« Archives in May, 2013

Turn any Sitecore package into a NuGet package

I recently posted this idea on Twitter:

And it didn’t take me that long to actually implement it. Follow these steps to turn any Sitecore package into a NuGet package and share it with the world.

  1. Download the CreateSitecoreNuGetPackage.exe file here or build it yourself with the code from GitHub.
  2. Put the files “Sitecore.Kernel.dll” and “Sitecore.Zip.dll” in the same folder.
  3. Create your package in the Package Manager and export the ZIP file.
  4. Run the following command from the command line:
    CreateSitecoreNuGetPackage [PATH_TO_SITECORE_PACKAGE]
  5. Use the NuGet Package Explorer to open the generated  .nuspec file and improve the metadata if needed.
  6. Publish the package to a repository, like nuget.org.

Now, everyone will be able to install/uninstall your package through NuGet. Remember that you need to install Sitecore Rocks and attach your project before installing the package.

Some links to pages that helped me creating this:

I will be very interested to hear your feedback, as I haven’t been able to test this very well. If this utility catches on, I might make a version that you can use from the package manager directly.

Happy NuGetting :-P

CompiledDomainModel 1.0 released!

This was a little overdue; my Sitecore code generation module, CompiledDomainModel, has been used in many projects and the code has matured enough to justify a version number. A very important addition was made in this release.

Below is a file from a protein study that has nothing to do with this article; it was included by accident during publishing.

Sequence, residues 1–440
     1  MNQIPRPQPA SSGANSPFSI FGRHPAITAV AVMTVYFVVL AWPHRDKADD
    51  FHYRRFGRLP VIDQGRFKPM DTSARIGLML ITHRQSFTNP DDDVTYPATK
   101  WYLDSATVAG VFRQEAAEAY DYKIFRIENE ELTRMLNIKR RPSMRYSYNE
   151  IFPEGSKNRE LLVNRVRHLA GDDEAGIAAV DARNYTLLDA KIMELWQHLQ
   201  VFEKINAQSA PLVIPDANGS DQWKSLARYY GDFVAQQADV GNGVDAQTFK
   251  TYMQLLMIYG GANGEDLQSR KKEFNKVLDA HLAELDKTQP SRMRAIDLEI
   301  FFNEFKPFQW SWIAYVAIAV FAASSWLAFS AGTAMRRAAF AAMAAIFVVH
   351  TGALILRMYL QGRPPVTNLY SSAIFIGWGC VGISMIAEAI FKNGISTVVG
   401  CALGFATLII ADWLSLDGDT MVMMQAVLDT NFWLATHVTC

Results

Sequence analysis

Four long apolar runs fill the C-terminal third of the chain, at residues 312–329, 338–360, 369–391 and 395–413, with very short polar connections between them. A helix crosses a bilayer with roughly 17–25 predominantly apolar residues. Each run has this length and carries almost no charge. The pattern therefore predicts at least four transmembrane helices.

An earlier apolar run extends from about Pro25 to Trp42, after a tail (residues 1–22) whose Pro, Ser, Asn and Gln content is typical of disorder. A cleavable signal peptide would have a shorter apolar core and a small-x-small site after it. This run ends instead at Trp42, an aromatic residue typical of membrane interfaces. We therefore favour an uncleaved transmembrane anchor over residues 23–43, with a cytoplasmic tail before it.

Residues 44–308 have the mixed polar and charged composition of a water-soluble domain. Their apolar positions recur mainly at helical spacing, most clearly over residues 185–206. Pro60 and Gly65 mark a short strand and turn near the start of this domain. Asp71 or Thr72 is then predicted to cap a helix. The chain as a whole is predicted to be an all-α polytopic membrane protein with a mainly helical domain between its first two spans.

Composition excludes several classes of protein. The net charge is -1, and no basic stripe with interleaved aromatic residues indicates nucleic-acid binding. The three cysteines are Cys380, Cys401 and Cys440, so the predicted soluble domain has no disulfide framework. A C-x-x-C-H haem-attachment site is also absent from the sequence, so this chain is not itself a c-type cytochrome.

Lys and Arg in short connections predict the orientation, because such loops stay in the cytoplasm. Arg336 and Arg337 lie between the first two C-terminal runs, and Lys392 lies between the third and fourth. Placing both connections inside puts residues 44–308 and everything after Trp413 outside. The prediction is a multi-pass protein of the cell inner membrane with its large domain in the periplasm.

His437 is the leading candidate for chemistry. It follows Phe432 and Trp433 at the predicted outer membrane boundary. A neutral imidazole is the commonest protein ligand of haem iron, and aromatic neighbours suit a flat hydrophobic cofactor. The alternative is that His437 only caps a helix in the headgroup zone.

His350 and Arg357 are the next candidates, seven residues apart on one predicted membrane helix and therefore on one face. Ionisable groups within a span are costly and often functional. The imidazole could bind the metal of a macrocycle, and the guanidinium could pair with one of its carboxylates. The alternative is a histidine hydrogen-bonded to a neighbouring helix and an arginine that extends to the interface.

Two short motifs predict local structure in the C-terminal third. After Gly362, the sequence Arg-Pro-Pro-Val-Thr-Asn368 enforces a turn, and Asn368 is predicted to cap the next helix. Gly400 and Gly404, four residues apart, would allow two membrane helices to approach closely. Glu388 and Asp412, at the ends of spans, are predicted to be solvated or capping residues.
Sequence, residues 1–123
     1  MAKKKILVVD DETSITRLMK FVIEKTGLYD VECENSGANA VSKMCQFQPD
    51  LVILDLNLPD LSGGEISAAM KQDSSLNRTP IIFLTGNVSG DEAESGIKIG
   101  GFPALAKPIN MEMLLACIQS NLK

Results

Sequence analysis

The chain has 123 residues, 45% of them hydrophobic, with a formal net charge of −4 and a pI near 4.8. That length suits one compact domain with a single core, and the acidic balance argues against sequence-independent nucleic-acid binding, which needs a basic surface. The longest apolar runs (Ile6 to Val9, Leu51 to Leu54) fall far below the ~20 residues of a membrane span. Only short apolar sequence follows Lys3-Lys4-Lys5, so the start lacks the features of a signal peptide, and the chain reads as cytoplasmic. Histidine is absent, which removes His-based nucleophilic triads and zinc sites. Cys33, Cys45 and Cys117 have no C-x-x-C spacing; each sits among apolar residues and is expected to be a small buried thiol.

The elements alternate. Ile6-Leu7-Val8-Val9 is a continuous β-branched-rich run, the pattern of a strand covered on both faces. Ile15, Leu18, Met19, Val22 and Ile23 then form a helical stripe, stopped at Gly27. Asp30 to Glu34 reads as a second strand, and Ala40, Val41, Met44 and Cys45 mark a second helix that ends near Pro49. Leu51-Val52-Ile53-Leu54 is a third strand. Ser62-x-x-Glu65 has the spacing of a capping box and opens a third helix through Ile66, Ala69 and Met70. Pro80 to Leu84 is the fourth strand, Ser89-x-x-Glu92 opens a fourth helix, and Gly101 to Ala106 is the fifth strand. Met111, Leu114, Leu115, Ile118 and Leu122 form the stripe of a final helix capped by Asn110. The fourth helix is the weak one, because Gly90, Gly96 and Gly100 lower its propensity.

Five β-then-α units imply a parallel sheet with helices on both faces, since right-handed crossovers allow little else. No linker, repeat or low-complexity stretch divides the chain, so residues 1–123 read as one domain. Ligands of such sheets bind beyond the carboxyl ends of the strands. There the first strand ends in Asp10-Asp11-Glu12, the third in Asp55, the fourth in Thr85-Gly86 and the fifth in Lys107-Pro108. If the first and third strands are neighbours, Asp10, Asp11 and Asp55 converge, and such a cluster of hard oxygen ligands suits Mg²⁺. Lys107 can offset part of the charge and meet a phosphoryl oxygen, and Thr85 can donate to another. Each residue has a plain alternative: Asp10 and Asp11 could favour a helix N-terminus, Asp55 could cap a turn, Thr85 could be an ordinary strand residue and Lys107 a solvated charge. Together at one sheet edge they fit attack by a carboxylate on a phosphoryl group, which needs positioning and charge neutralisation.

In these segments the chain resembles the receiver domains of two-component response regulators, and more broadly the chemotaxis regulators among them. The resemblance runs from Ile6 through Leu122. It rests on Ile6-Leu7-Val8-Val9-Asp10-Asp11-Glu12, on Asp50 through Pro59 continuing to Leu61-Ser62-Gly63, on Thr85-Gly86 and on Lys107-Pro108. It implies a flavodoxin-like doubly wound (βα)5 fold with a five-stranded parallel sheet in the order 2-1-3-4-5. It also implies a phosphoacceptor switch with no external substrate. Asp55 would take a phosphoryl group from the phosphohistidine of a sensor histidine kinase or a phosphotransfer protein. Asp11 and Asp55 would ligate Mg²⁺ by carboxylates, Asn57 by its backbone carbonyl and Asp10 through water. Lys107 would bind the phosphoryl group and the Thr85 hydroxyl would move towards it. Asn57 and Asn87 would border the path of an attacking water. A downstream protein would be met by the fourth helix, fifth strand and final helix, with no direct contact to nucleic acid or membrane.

• Added “Platform Mode”, that can be used if generated code needs to be in separate files (e.g. when there are multiple DLL’s where generated code is needed)
  • NuGet support added

Platform Mode

This is a feature that has been requested by several people. If you have multiple projects or logic that is used in several DLL’s, then you need a way to divide the generated classes up into multiple files.

To make this possible, you should first check the “Platform Mode” checkbox on the settings item (/sitecore/system/Modules/CompiledDomainModel/Settings):

Note that the wrapper classes need to be resolved globally when using the platform mode. To make that possible, there is a dependency on the module itself. So you can’t use the “Remove dependencies” function when you want to use the platform mode.

If you generate the code now, you’ll see that a comment is generated:

As is explained, you must now make url’s to generate code that is specific to your project. In this case, you could generate code for the platform project and the specific “SomeProject” project. Using the following url’s, you can do that:

  1. http://sitecoredemo/sitecore/shell/Applications/CompiledDomainModel/CodeGenerator.aspx?platformsets=Core|PlatformTemplatesSet|PlatformFixedPaths
  2. http://sitecoredemo/sitecore/shell/Applications/CompiledDomainModel/CodeGenerator.aspx?platformsets=SomeProjectTemplatesSet|SomeProjectFixedPathsSet

These url’s will only generate the code for the DomainObjectSets and FixedPathSets (check the documentation for an explanation about these sets) that are referenced in the url.

NuGet support

You can now install CompiledDomainModel through NuGet. I based the package on this excellent article.


  1. You need to have Sitecore Rocks installed in Visual Studio
  2. You need to connect your project to your Sitecore website
  3. Open the Package Manager Console and run Install-Package CompiledDomainModel

Of course you are not required to install CDM this way. You can still use the regular package on the Releases page.

Happy CDM-coding!